I first learned of Dr. Albert Schweitzer’s work when I was a medical student in the 1960s. During those years, the story of Schweitzer’s efforts to improve the health of Africans in his hospital in Lambaréné ignited my companions’ and my imagination. It was thus with a sense of privilege that I visited his hospital, where his excellent work continues today. Sadly, the same cannot be said about the continuation of his message of peace.
Schweitzer’s own life, before his work in Africa, had been extraordinary — that of a man blessed with many talents. Born in Alsace in 1875, he became an outstanding organist and musicologist while quite young, particularly excelling in the works of Johann Sebastian Bach.
At Strasbourg University, he pursued courses in philosophy and medicine, while continuing his musical training. When he was 22, he won a scholarship to study philosophy at the Sorbonne and to continue studying the organ. At 24, he received his doctorate in philosophy, and the following year his doctorate in theology. When he was 26, he was elected head of the Theological Seminary of St. Thomas in Strasbourg.
Schweitzer’s academic achievements didn’t prevent him from leading an active social and musical life. His recitals and concerts took him to several European countries where his performances were attended by a large, admiring public.
Hidden behind his successful career, however, were the yearnings of a young man eager to find a more profound meaning to his life. When he turned 21 he had made a crucial decision: He would pursue his own personal interests until he reached 30. After that, he would devote his efforts to serve his fellow men, to pay what he considered his “debt to humanity.”
To that end, taking time from his musical studies, he pursued a medical career. Quite by chance, he read a report of the Paris Mission Society about the desperate medical needs of the natives of Africa’s Upper Congo and decided to work in Africa.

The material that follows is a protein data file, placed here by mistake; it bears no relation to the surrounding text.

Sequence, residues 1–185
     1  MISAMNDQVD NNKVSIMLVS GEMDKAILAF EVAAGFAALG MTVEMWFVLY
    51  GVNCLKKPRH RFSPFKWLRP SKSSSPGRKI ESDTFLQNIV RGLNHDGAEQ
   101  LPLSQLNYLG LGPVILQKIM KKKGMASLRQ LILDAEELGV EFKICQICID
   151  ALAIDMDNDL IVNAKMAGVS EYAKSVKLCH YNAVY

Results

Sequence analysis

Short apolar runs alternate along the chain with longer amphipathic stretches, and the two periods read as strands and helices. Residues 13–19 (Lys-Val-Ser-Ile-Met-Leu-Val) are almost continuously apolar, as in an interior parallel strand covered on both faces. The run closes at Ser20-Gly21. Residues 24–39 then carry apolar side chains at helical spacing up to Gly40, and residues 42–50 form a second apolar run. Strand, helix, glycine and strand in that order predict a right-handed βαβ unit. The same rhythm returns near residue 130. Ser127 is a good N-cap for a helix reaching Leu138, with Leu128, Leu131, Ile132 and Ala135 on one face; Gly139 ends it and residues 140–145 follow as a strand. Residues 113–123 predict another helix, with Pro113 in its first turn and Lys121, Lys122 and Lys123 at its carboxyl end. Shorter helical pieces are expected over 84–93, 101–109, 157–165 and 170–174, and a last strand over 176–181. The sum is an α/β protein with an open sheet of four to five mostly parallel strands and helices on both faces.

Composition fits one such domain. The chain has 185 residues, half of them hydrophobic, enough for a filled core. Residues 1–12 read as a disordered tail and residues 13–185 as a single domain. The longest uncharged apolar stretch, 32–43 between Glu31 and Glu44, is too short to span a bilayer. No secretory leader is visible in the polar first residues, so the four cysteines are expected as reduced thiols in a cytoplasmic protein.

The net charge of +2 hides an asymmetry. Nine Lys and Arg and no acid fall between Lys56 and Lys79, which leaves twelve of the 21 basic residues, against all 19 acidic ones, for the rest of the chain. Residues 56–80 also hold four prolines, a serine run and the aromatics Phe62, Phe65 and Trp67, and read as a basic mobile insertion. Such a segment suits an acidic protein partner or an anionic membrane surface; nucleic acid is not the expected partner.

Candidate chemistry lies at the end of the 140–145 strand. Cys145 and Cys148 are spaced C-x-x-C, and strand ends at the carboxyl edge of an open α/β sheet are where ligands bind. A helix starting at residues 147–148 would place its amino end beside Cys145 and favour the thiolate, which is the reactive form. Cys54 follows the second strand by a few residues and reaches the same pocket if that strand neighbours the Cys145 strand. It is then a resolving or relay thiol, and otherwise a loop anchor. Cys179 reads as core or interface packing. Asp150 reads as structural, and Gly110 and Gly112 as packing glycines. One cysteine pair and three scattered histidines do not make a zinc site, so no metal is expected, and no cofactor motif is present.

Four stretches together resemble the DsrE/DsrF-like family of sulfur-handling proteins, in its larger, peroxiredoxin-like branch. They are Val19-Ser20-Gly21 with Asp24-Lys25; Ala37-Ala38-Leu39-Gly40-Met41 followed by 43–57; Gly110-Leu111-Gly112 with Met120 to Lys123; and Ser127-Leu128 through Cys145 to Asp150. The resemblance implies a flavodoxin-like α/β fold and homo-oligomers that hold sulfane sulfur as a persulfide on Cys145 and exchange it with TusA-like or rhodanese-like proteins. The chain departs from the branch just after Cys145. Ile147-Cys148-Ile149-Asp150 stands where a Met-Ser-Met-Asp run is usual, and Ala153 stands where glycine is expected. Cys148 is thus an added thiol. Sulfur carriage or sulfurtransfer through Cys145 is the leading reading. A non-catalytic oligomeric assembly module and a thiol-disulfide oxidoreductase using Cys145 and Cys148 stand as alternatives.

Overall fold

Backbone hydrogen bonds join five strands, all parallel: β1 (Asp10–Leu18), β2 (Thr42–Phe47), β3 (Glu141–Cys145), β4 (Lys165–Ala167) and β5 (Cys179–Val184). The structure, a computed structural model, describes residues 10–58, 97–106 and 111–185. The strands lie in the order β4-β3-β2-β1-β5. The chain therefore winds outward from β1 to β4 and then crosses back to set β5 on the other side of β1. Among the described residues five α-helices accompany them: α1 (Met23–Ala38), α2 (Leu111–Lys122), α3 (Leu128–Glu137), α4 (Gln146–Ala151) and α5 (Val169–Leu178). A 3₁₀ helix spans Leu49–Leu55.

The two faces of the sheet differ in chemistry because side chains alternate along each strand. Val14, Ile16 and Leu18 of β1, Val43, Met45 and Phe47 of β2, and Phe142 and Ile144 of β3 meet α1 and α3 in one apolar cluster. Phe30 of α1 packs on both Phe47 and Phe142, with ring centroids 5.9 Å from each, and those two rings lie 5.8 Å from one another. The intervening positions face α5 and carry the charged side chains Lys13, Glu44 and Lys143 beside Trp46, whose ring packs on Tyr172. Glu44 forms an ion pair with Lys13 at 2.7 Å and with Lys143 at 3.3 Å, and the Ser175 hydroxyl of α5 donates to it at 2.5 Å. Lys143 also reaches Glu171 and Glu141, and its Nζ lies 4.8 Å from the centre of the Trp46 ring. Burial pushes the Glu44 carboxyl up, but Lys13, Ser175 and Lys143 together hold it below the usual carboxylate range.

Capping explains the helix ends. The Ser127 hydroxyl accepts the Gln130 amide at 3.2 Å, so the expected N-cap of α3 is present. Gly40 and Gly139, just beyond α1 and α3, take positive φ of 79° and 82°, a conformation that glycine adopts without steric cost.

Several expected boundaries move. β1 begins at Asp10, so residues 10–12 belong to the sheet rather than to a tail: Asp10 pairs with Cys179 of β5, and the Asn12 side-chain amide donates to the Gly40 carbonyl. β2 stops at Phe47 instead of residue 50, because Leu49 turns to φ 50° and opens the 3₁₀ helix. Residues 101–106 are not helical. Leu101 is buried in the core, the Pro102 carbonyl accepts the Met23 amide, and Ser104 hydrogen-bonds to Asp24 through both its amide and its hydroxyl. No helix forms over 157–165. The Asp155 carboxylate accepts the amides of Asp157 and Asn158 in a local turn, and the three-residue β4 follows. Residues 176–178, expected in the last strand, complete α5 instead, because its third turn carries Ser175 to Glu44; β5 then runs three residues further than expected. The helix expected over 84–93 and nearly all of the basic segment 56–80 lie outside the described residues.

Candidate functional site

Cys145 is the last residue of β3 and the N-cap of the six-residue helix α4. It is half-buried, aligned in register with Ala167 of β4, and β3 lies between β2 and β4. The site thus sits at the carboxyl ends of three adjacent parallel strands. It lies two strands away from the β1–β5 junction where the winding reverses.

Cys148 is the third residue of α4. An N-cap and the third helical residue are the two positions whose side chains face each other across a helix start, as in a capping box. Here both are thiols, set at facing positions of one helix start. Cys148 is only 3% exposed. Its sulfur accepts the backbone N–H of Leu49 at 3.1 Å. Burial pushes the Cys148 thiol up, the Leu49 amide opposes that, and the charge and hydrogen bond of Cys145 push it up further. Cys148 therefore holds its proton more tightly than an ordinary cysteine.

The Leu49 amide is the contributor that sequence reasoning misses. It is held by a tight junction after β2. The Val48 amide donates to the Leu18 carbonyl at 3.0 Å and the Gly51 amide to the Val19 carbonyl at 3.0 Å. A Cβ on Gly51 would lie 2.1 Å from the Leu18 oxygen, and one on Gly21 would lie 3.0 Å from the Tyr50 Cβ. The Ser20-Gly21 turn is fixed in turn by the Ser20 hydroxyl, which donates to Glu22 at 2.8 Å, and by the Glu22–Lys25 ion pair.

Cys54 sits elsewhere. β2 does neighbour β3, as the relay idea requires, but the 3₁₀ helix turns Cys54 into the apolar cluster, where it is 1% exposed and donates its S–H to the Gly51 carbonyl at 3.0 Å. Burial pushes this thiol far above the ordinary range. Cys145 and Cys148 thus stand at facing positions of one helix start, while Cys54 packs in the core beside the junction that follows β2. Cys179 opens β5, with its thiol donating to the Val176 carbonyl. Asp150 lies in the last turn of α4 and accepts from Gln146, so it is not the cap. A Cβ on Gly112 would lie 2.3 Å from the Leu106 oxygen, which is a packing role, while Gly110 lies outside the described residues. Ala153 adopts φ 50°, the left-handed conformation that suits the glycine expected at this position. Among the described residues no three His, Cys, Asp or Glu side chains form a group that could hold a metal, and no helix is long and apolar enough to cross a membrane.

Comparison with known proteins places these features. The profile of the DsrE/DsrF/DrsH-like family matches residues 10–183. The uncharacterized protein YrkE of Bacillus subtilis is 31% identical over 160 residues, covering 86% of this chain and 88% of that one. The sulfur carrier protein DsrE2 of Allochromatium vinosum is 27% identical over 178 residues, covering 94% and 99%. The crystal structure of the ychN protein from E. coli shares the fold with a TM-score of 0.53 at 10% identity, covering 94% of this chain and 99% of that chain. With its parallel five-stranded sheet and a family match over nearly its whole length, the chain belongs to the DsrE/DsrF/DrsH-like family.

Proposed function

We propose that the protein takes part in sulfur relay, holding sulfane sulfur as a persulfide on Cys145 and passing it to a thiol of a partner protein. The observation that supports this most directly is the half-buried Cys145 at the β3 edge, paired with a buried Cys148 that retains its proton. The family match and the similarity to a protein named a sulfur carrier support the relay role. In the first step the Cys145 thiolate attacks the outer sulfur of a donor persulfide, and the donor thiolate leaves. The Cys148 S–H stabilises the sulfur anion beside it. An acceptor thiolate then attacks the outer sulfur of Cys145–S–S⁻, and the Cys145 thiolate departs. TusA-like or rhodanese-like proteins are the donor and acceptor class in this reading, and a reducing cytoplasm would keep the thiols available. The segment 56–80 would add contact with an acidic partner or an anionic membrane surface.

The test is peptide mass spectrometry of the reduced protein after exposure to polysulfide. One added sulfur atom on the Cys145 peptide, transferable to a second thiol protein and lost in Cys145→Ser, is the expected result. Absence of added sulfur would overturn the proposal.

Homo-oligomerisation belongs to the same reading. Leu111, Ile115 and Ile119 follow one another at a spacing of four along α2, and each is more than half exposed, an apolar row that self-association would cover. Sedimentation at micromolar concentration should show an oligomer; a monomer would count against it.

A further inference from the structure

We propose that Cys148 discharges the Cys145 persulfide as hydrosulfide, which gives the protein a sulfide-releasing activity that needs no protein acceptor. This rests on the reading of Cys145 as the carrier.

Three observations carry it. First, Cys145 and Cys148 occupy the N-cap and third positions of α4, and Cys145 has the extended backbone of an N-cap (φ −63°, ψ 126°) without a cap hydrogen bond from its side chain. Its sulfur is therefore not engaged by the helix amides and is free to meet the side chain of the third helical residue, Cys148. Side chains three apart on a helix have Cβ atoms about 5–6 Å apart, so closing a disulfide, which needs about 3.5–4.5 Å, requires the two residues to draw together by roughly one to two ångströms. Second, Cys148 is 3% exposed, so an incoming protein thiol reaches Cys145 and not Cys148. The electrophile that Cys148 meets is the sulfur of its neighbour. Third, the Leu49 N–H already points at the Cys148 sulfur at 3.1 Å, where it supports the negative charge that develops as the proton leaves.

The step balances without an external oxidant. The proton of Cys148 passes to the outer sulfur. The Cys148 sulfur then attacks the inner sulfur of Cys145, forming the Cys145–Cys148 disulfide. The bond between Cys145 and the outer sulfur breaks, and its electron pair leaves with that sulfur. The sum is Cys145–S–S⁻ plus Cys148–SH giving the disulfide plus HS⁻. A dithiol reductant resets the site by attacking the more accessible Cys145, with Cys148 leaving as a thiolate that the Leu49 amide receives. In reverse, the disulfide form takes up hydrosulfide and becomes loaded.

His decision to reject certain fame and fortune to go to Africa dismayed his family and friends. One of them, the dean of the medical school, advised him to see a psychiatrist. Undaunted, he built a small hospital in Lambaréné, then French Equatorial Africa, from what had been a chicken coop, and worked there until his death in 1965.
Conditions at the hospital were extremely primitive. In her memories about working with Dr. Schweitzer Dr, Louise Jilek-Aaal tells how during an operation, “it happened that a lizard, overpowered by ether vapors, dropped from the ceiling right into the open abdomen. Without a word, the surgeon took the forceps, fished out the lifeless animal, and threw it over his shoulder. He sprinkled antibiotic powder into the abdomen and continued the operation as if nothing unusual had happened. The patient never showed any ill effects from that unexpected intruder.”
Early on in his career he became a staunch peace activist. His activities gained him the admiration of figures such as Albert Einstein and U.S. Presidents John F. Kennedy and Dwight D. Eisenhower. One day, looking at a herd of hippos in the Ogowe River, he developed his idea of reverence for life: “The greatest evil is to destroy life, to injure life, to repress life that is capable of development.”
In 1952 he was awarded the Nobel Peace prize. The money from the award went to fund the creation of a village for lepers close to his hospital called Village of Light, for the hope it still brings to those affected by the disease. He felt that through his medical work he was, in a small scale, compensating black people in Africa for all the damage the white man had caused them.
The Schweitzer hospital is now a modern facility in a new location. In addition to clinical and surgical wards, it conducts malaria research and houses a museum that includes the bedrooms of Schweitzer and his wife.
The hospital, considered one of the best in Gabon, serves not only people from that country, but also those from neighboring countries. One original feature of the hospital is that family members are allowed to live with patients receiving treatment, thus eliminating the sense of alienation many patients feel in strange hospital surroundings.
Paradoxically, although his medical work has continued since his death, his message of peace has been lost in today’s world, ravaged by perverse wars and unnecessary loss of life. Standing in his room and feeling the force of his personality, I thought that later generations have betrayed his legacy of peace.
Looking at the old piano in his room, the only luxury he allowed himself during his years in Africa, I wondered: where are the Gandhis, the Martin Luther Kings or the Schweitzers of today? And I couldn’t help but compare those giants of peace with the caricatures of leadership we have in the world today.
Dr. Cesar Chelala is a co-winner of an Overseas Press Club of America award.